The relationship between Simon II (220–c. 195 B. C. E.) and Ben Sira bears much upon the context and dating of the Book of Ben Sira. The setting of patronage and reciprocity in the Mediterranean world raises problems with the common interpretation of Sir 50:1–24 as a eulogy for Simon II. The label of encomium for Sirach 44–50, and the identification of Simon the Righteous, are likewise considered. This article explores reciprocity in Ben Sira’s text, as well as Greek, Roman, and Second Temple examples of patronage, including Tobias in the Zenon archive, Jewish funerary inscriptions, Herod the Great, Aristeas, and 1 Maccabees 12. It is argued that a more fitting way of understanding Sir 50:1–24 and the importance of reciprocity in Ben Sira’s text is that Simon II might be considered as alive at the time of writing, and a probable patronage relationship can be posited. An earlier dating of around 198 B. C. E. is proposed for Sir 50:1–24, if not the entire Book of Ben Sira.

In: Journal of Ancient Judaism
Author: Ruth Henderson

The enigmatic wisdom poem of Job 28:1–28 stands apart from the rest of the book of Job in style and structure. Most read this poem in linear progression as three strophes (vv. 1–11; 15–19; 23–28) with an intervening refrain (vv. 12–14; 20–22). In this study, it is suggested that the poem has been presented in the form of a concentric or compositional ring structure, which juxtaposes arguments rather than presenting them in a linear fashion. According to this structure there are five compositional units, the centre of which holds the main point of the text (A, B, C, B1, A1). A central section (C vv. 15–19), maintains the traditional view of the supreme value of wisdom. The central unit is surrounded by two inner parallel sections each beginning with a rhetorical question concerning the location of wisdom (Sections B vv. 12–14 and B1 vv. 20–22), and two outer sections (A vv. 1–11 and A1 vv. 23–28) in which two contrasting ways of acquiring wisdom are presented: by independent human effort presented in the form of a mining metaphor (A vv. 1–11); or by contemplation of God’s omnipotent creative power and reverence for Him resulting in right behaviour (A1). Each of the major units also follows a concentric pattern.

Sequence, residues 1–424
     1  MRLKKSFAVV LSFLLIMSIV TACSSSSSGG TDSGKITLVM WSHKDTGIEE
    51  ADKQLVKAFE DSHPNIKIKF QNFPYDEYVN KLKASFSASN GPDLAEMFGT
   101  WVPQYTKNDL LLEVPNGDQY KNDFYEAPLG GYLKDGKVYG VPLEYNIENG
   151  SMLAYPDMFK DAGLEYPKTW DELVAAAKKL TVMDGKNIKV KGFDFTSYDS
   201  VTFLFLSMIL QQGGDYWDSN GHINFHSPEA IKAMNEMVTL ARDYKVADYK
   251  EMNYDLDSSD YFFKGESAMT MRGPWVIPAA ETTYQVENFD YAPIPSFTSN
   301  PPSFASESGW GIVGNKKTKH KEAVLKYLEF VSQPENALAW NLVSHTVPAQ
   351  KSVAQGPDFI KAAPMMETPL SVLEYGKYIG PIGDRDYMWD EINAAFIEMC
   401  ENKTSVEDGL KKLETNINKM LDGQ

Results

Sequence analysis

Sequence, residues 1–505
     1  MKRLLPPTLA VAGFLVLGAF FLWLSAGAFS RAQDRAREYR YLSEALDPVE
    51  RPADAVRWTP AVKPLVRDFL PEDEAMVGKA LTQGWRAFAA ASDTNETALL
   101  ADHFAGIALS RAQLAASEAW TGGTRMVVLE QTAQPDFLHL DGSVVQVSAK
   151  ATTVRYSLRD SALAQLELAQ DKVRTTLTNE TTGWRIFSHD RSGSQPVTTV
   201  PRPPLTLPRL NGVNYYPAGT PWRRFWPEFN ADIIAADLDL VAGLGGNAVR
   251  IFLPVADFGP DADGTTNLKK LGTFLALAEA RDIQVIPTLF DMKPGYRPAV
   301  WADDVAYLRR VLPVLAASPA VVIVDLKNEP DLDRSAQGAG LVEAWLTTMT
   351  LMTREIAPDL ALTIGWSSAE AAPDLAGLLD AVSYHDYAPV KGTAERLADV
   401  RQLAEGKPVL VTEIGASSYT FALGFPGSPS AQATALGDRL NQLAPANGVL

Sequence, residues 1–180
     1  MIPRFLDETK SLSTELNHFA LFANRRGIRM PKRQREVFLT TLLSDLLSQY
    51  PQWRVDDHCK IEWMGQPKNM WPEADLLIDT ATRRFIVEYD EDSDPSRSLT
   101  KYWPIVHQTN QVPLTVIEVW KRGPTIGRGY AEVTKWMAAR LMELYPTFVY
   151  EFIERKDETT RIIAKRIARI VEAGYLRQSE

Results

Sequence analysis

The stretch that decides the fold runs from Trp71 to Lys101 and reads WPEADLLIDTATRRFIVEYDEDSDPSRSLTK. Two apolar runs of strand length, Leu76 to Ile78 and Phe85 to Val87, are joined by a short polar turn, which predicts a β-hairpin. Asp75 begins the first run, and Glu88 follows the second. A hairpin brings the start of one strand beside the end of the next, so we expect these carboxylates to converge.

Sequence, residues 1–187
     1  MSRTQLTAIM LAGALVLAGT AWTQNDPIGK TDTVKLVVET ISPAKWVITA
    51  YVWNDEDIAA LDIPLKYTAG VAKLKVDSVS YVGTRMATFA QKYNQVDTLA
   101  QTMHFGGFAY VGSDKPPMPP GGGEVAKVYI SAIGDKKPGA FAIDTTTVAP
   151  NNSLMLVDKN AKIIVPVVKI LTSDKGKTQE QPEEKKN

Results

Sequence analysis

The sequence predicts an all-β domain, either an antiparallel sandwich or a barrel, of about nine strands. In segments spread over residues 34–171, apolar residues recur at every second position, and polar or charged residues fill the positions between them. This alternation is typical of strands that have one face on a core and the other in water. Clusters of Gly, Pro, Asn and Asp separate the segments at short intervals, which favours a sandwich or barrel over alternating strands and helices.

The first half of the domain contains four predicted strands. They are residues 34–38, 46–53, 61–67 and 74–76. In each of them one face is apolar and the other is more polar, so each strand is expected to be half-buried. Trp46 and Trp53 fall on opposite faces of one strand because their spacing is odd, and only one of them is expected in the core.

In: Journal of Ancient Judaism

The field of contact linguistics has produced valuable insights into the ways languages behave in contact environments, and the present essay represents an attempt to adapt a number of these insights to the study of cultural contact more broadly. The historical phenomenon under discussion is a theological strand shared by rabbinic and late antique Platonist sources, namely, the attempt to formulate a theory of sacrifice that does not entail an anthropomorphic conception of (the highest) God. After adducing some of the key sources that represent this attempt in the respective traditions, the essay examines how best to conceptualize such similarity, absent shared terminology, explicit cross-tradition citations or references, or any other traditional markers of “influence.” Here I employ the contact-linguistic category of areal diffusion, that describes the tendency of languages in contact over time to gradually adopt common features, even though it is not possible to determine which language “borrowed” from the other. Taking the theological critique of sacrifice as the cultural analogue to a linguistic feature, it is possible to see how the feature is evident in certain streams within rabbinic Judaism, platonic Paganism, and early Christianity. The essay then turns to examine some of the ramifications of a contact-linguistic approach and, drawing on the work of Salikoko Mufwene, puts forth two arguments: that the distinction between internally- and externally-induced change is both theoretically and analytically inadequate; and the need to examine cultural continuity no less than cultural change as the result of contact dynamics.

In: Journal of Ancient Judaism
In: Journal of Ancient Judaism